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Mumbai: Women get full access to Haji Ali Dargah

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Ban violates right to equality; stay on order for six weeks to enable shrine trust to move Supreme Court

Mumbai: In an historic judgment, the Bombay High Court on Friday declared the ban on women’s entry inside the holy shrine at Haji Ali Dargah as unconstitutional. The court has thereby permitted the entry of women right up to the restricted grave area of the shrine.

The ruling was given by a division bench presided over by Justice Vidyasagar Kanade and Justice Revati Mohite-Dhere, which was hearing a public interest litigation (PIL) filed by Zakia Soman and Noorjehan Niaz.


The petitioners had challenged a 2012 decision by the Haji Ali Dargah Trust prohibiting women from entering the sanctum sanctorum of the shrine, built in 1431, on the grounds that “women wearing blouses with wide necks bend on the ‘mazaar’, thus showing their breasts”, which was against Islam.

Also Read: No ‘right to ban’ implicit in right to manage shrine

The petitioner’s lawyer Raju Z. Moray argued that there is nothing in the Holy Quran which prohibits the entry of women into mosques/dargahs and Islam believes in gender equality. Also, the decision taken by the trust contravened the Hadiths, which stated there was no prohibition on women visiting graves.

The shrine, located on the rocks off the Worli seashore, comprises the grave of Pir Haji Ali Shah Bukhari, a Muslim saint revered by all communities.

While pronouncing the judgment, Justice Mohite-Dhere said, “The ban imposed by the Haji Ali Dargah Trust is violative of Article 14, 15 and 25 of the Constitution of India.”

The bench further said, “We direct the State and the Trust to ensure safety and security of women entering the sanctum sanctorum of the Haji Ali Dargah.” The bench has however, stayed its orders till six weeks on the request of the trust, so that they can approach the Supreme Court.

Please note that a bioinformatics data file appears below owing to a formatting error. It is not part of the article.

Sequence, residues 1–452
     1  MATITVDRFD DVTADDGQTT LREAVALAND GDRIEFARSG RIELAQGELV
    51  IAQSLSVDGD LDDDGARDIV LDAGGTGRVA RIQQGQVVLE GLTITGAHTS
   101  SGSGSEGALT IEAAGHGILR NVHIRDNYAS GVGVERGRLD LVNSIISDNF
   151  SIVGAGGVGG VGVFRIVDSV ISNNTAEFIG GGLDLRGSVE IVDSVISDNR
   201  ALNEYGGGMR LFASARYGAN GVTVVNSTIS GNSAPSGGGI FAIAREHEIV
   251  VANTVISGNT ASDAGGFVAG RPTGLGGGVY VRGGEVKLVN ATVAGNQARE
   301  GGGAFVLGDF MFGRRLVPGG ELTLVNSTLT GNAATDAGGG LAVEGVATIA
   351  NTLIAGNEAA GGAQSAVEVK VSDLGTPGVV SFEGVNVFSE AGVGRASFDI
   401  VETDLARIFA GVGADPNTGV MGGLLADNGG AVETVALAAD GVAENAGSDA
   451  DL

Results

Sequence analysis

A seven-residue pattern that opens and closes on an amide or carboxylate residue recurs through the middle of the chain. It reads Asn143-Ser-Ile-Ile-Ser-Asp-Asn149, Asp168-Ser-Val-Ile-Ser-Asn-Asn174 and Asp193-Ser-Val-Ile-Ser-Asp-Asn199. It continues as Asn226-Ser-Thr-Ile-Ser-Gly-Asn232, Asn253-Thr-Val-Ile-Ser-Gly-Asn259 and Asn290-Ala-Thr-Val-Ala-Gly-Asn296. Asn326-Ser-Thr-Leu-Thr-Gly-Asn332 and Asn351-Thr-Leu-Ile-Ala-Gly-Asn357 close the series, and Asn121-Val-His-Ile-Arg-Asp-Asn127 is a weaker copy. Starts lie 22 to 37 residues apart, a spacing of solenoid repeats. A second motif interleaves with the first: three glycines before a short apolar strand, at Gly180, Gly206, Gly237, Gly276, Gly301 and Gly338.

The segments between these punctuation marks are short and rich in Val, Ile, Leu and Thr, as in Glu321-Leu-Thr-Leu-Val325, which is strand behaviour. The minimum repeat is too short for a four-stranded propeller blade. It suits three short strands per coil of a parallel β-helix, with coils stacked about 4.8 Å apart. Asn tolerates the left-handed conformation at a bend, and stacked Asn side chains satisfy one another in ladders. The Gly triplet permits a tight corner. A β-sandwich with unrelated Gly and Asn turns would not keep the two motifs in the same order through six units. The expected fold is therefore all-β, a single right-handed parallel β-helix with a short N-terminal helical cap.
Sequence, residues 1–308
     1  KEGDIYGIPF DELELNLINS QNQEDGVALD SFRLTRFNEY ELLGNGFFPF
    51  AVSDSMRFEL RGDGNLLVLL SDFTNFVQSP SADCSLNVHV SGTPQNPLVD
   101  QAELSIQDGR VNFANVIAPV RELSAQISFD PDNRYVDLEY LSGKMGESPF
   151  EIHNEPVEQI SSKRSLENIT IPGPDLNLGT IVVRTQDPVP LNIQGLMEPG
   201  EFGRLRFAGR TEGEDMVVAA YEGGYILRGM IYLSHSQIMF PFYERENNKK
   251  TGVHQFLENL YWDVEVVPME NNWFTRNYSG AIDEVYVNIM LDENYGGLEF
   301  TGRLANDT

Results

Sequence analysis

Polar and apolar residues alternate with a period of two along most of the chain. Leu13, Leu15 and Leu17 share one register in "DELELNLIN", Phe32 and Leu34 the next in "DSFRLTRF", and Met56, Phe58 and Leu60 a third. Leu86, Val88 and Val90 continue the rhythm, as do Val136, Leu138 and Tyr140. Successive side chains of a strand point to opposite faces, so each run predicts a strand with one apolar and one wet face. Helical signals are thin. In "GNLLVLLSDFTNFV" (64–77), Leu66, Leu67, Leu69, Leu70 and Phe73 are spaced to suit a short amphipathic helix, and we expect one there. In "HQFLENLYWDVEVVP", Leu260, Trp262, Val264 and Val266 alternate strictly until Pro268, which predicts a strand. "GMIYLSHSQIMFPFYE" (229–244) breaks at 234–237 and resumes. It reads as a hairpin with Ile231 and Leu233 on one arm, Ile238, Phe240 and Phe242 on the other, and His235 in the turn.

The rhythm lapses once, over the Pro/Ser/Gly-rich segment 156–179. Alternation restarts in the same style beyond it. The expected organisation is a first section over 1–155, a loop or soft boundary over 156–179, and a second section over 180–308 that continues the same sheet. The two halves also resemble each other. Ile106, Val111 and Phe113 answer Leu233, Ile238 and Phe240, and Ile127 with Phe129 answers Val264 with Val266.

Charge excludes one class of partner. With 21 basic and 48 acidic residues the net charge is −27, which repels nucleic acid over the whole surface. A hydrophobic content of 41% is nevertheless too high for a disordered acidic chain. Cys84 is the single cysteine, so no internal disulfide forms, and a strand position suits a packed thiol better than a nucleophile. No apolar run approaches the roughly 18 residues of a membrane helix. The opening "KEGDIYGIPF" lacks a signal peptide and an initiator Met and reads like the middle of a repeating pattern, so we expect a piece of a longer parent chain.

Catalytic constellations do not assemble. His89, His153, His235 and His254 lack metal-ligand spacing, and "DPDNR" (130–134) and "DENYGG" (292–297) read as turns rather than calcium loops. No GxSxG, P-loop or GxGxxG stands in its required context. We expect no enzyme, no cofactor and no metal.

Also Read: HC verdict on Haji Ali a ‘great satisfaction for women’: UP’s first woman qazi

The Trust, however, defended its decision claiming that entry of women near the tomb of a male saint is a grievous ‘sin’ and the same is referred to in Quran. Shoaib Memon, the advocate appearing for the Trust, cited the practice in Saudi Arabia and said, “Women are not allowed inside mosques in Saudi Arabia and they are given separate places to pray. The Trust has not barred women from entering the shrine; rather it has simply regulated the same for their (women’s) safety.”

Interestingly, the State government batted for women’s rights. Former Advocate General, Shrihari Aney, appearing for the State government, told the bench that the ban on women’s entry can be allowed unless the Trust proves the same is enshrined in the holy Quran.

The Trust has said it will appeal against the ruling in the Supreme Court; so will the All India Majlis-e-Ittehad-ul Muslimeen.

An umbrella outfit, ‘Haji Ali For All,’ comprising several social and women’s groups, including NGO Bhumata Brigade, had attempted to storm the shrine on April 28, but were stopped by the police on grounds of security.

Bhumata President Trupti Desai is credited with successful agitations culminating in women’s entry into the Shani Shingnapur Temple in Ahmednagar and later the Trimbakeshwar Temple in Nashik, both in April this year, besides a partially successful agitation at Mahalaxmi Temple in Kolhapur.

“I welcome the historic verdict of the court. Our agitation has been successful and the courts have recognized the equality and rights of women. We shall soon go to pray at Haji Ali Dargah,” Desai said while reacting to the high court ruling. Several prominent men and women Muslim intellectuals and activists have lauded the High Court ruling.

 

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